Cover image: Mary Kept All These Things, by Howard Lyon.

Endless tales are told about Joseph Smith, and some are distressed by them. But the same kinds of tales were told about the Savior Himself—and if elaborate and persuasive lies can be told about Him, who can’t they be told about? The reality is that Satan operates a 24/7 smear factory, and he always has. We do not need to be distracted by its products, however; there is a better path.


In his first visit to Joseph Smith, Moroni told Joseph that his name “should be had for good and evil among all nations, kindreds, and tongues”—that it “should be both good and evil spoken of among all people” (Joseph Smith—History 1:33). It is hard to imagine a truer prophecy than this: the Prophet was accused relentlessly while he was alive, he was ultimately murdered, and he remains relentlessly accused to this day.

It is not unusual for people to be troubled or upset by accusations they may hear about Joseph Smith. “Could he really have been a prophet if he did that?” they ask.

In our experience, this is a common reaction. But it is worth noting that another possible reaction would be: “I wonder if that is actually true.”

For many of us, we tend to assume that any historical report must have some basis in truth, and therefore that any accusation or damaging report we hear about the Prophet Joseph must be grappled with and reconciled with our faith as if it were at least partially true. But that assumption is a mistake. As a matter of fact, it is extremely possible for accusations and damaging reports to be completely misleading or outright false. The “historical record” consists of everything people said or claimed in the past—it is not historical because it is true, but only because time has passed: that’s what makes it “historical.” The people of Joseph’s day were as likely to misread, spread rumors, pass along false gossip, or even lie, as people are today.

Assuming that everything we hear about Joseph Smith must be true minimizes the tendency of mortals to make serious errors, even when the errors are innocent, and it also overlooks Satan’s profound interest in lying about the truth. There is actually strong reason to believe that a man with enemies, who threatened conventional wisdom and offered a radical new way of living, would collect a larger-than-usual share of misleading or outright false reports about his life.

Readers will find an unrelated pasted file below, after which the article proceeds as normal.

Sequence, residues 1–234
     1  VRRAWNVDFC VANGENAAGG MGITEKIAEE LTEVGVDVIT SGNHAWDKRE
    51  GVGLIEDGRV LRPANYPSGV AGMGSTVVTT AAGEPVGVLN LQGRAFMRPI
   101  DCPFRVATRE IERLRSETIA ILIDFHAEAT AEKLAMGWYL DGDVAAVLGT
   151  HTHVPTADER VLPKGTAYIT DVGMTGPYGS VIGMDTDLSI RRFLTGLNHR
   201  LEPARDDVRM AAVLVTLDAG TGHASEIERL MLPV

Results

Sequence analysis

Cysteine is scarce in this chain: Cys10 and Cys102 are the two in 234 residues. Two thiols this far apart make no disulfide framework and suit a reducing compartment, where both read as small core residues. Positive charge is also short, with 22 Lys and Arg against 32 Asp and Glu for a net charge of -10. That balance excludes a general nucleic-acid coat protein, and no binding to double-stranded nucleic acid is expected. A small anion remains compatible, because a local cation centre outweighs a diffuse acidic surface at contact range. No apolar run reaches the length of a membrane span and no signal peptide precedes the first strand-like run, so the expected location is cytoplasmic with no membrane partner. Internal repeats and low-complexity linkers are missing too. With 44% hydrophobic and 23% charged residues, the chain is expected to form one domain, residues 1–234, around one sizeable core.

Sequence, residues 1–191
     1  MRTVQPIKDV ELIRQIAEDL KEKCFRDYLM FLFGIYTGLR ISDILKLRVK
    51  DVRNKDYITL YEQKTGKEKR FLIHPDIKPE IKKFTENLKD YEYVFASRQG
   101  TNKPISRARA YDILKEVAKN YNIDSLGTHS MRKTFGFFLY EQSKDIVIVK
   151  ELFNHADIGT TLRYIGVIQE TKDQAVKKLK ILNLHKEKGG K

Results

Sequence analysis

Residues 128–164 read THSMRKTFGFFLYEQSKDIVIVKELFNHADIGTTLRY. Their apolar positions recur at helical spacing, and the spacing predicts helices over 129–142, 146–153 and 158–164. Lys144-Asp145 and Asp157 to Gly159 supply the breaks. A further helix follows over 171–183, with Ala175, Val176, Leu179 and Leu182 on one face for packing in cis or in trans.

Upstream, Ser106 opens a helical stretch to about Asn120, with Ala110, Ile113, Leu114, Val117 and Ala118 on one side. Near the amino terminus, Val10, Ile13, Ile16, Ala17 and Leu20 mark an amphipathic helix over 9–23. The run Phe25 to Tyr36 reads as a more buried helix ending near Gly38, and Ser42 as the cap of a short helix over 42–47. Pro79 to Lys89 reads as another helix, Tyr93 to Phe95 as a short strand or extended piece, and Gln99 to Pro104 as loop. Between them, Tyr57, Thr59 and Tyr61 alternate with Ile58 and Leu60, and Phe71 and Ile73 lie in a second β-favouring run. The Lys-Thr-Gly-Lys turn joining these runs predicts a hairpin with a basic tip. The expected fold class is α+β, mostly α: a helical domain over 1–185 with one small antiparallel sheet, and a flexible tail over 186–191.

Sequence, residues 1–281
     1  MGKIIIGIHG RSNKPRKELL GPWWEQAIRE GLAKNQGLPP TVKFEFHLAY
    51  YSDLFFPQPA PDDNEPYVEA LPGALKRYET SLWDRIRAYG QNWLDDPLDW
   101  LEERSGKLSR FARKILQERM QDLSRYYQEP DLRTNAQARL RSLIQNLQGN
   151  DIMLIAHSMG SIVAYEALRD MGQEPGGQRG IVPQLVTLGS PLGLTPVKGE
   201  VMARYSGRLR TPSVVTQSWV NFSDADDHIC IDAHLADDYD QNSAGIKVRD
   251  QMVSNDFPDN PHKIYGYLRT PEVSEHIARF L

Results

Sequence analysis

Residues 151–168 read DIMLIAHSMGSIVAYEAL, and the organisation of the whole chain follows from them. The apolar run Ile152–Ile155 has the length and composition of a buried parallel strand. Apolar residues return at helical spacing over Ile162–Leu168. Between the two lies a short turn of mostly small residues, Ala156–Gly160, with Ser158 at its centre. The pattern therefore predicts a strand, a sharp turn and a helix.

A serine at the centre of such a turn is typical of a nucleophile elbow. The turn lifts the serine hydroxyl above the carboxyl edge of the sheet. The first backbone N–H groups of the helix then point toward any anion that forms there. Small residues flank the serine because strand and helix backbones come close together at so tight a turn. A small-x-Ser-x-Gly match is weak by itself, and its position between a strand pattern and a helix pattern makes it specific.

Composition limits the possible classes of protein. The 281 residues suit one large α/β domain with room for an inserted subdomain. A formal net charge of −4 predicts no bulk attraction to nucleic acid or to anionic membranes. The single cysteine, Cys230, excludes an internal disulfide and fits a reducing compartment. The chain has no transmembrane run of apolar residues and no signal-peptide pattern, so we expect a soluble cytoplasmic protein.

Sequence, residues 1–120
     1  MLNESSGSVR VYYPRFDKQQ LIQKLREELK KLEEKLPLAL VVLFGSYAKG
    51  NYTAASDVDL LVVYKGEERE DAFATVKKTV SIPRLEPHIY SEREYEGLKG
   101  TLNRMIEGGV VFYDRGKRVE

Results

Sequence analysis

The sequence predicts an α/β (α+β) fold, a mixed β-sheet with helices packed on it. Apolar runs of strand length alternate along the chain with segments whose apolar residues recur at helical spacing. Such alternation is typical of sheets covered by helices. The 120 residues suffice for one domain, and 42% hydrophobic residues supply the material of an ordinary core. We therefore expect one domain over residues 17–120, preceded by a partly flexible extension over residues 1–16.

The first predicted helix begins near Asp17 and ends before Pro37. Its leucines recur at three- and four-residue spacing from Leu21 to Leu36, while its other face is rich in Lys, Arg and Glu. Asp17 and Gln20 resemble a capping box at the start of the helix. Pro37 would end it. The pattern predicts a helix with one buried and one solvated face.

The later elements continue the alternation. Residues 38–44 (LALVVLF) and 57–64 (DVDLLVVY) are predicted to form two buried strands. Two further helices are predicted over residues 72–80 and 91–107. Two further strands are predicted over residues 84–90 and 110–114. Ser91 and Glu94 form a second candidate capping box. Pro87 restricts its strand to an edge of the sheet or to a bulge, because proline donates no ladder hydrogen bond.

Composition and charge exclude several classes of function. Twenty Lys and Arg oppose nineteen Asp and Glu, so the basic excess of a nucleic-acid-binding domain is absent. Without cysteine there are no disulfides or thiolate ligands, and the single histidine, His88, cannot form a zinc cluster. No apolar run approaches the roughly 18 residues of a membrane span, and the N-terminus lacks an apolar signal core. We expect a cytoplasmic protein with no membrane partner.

Rumors about the Savior

Nowhere is this clearer than in the life of the Savior Himself. In one of his most important works, Hugh Nibley reports that at an early period people began collecting even earlier stories and affidavits about Jesus from those who claimed to be familiar with His life. The stories show Jesus to have been “a simple country boy” and that he had had “an inordinate desire to impress people.” One account quoted by Nibley reports that Jesus was ashamed of being “born in a miserable Jewish village to a poor working woman of the lowest class”—and that this was why he fabricated the story of the virgin birth.

In addition, the account tells us that Mary “was actually thrown out by her husband, a carpenter by trade, when he found that she had been guilty of adultery.” Everyone, we are told, always knew that Jesus was not Joseph’s child, after all, and we are even told specific details of the affair—such as that Jesus’ real father was named Panthera and that he was a soldier. Then we are told that, having been kicked out, Mary “wandered around like a tramp” until she eventually “bore Jesus in disgrace.” Eventually Jesus went to Egypt looking for work, and there “became acquainted with certain skills on which the Egyptians pride themselves.” As Jesus became expert in these skills, we are told, he developed exalted ideas about himself and this explains why he eventually “announced that he was God.”